7 thoughts on “Guest Blogger: Jim Flamming

  1. I read this with those “tears of gratitude” of which you speak, slipping down my cheeks … on Mother’s Day this year my last remaining sibling and dear younger brother True (Truett Allen) left us for his next journey; I remember Johnny Adams and him playing tag in the FBC parking lot while waiting for parents to finish whatever SS task they were doing! Both of us were active in First Baptist youth things from 1943 onward until we grew into “Forum” status. My first husband, Bill Doub, and I met at FBC during Vesper Club days; we were married in the Chapel (now our library), and he was buried in May of 1977 from the current Chapel, as were both my parents who taught a variety of Bible Study groups here; my late husband, Matt, and I enjoyed our FBC friends although we shared more in UR Chaplaincy ministries together. These loved ones are, of course, real and painful losses, but more than that they have been great blessings in my life, and my FBC church family has been a part of my extended family all these years. At 81, I (like everyone else) have no idea how many days I have, but I know that each one is a blessing and one in which God’s love for us can be shared as we live, sharing that love with all whom we encounter. With Christmas love to all …

  2. Christmas!! What other word brings to mind so many different toughts. Memories of Christmases through the years bring smiles as we recall those special “things” we wished for and received, like my first “cowboy suit…a “Hoot Gibson” model in the box by the mantle; that first two wheel bycycle, an orange Elgin from Sears, Roebuck..and Santa. Taking part ifn the Church’s Christmas Pageant. And those joys of family celebrating the birth of the Christ Child together; the true and foremost reason that brings Joy to the World!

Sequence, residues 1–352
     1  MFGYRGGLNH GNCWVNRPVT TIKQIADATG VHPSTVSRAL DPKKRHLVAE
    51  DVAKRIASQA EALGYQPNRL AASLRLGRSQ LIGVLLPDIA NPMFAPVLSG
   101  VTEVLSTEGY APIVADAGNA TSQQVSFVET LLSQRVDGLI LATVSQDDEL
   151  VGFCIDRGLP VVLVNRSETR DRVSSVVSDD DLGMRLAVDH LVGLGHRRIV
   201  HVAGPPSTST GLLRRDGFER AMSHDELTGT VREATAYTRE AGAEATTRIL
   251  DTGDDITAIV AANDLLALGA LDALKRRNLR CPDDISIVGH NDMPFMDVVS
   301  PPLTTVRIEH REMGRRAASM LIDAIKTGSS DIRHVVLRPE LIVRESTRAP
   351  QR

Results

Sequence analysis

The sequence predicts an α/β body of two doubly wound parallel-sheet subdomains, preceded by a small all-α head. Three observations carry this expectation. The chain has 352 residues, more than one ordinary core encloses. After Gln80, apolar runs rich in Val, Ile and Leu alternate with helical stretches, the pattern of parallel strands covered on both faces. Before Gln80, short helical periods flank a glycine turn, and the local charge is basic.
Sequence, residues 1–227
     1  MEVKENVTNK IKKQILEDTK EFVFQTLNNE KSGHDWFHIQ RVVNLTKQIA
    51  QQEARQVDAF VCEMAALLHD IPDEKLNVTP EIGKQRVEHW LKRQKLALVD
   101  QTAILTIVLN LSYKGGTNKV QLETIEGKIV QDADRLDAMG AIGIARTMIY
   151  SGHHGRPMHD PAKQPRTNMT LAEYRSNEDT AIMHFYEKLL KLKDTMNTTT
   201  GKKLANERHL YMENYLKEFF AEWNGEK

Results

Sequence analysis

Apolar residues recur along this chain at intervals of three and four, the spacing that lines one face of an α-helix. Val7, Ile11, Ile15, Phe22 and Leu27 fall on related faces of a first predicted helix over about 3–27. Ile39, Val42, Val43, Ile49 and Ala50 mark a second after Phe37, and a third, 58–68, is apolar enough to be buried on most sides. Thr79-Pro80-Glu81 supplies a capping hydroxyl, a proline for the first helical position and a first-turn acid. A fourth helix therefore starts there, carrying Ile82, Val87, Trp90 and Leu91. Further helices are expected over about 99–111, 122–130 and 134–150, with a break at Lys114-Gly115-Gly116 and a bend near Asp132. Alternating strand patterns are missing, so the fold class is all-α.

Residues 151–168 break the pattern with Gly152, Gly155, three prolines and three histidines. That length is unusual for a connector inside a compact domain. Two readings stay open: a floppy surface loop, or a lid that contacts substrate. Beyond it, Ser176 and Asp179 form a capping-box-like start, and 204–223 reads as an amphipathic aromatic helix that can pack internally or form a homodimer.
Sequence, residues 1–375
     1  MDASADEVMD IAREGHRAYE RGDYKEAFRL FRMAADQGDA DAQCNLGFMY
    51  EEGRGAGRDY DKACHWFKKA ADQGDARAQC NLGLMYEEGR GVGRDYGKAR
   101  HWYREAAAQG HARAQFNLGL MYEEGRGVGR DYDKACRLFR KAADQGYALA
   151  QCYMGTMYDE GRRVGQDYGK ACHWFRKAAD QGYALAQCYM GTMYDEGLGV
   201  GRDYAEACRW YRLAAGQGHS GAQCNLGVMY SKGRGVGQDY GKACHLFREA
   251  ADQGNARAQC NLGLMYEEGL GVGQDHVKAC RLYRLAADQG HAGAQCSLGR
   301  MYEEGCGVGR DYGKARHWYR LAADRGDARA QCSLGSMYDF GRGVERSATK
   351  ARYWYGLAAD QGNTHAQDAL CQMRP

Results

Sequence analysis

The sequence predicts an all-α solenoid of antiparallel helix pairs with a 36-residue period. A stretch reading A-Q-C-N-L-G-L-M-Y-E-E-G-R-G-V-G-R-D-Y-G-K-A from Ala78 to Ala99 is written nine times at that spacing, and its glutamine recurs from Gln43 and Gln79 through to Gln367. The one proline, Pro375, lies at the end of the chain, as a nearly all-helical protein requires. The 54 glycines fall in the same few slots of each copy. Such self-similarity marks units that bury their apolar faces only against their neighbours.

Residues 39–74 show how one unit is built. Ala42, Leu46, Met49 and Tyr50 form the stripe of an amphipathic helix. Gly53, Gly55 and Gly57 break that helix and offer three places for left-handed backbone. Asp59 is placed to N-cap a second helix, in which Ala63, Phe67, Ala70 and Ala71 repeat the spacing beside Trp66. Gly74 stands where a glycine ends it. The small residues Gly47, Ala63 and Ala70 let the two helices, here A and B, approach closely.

3. This year I have lost 3 good friends to that horrible disease, cancer. Each of them women my age that left children who adored them. I cannot imagine how they are feeling this holiday season, I only know I am sickened by their loss.

    I pray for these children and spouses that they can hold themselves together and move forward to 2011. I pray for each of them every day. They all hold a special place in my heart, as did their mothers. Thank you Dr Flamming for the direction and steps for grief, I can use it as well.

  4. What a thoughtful and timely blog! Many of us experience a mixture of feelings during this season, certainly one of joy but also a slight underlying depression due to the absence of loved ones. In my case my father was buried on Christmas eve following a brief, unexpected illness. Years later one of my younger brothers was buried on Thanksgiving eve. Though we do not consciously review all of this, it is there. Dr. Flammings’s comments are comforting and his suggestions practical and helpful. Thank you, Dr. Flamming and thank you, Jim.

  5. Dr. Flamming was my Pastor for most of those 23 years. I am so glad that he is still active and pray for God’s richest blessings upon him, Mrs. Flamming and their family.

    Please pray for God’s peace and blessing for Dr. David J. Wood, Pastor of Hebron Presbyterian Church in Goochland County and his family. His father, Richard J. Wood, recently went on to be with the Lord.

  6. Thank you for sharing this from Dr. Flamming. I lost my father three years ago this week. This has really spoken to the grief and emptiness I continue to feel particularly around the holidays.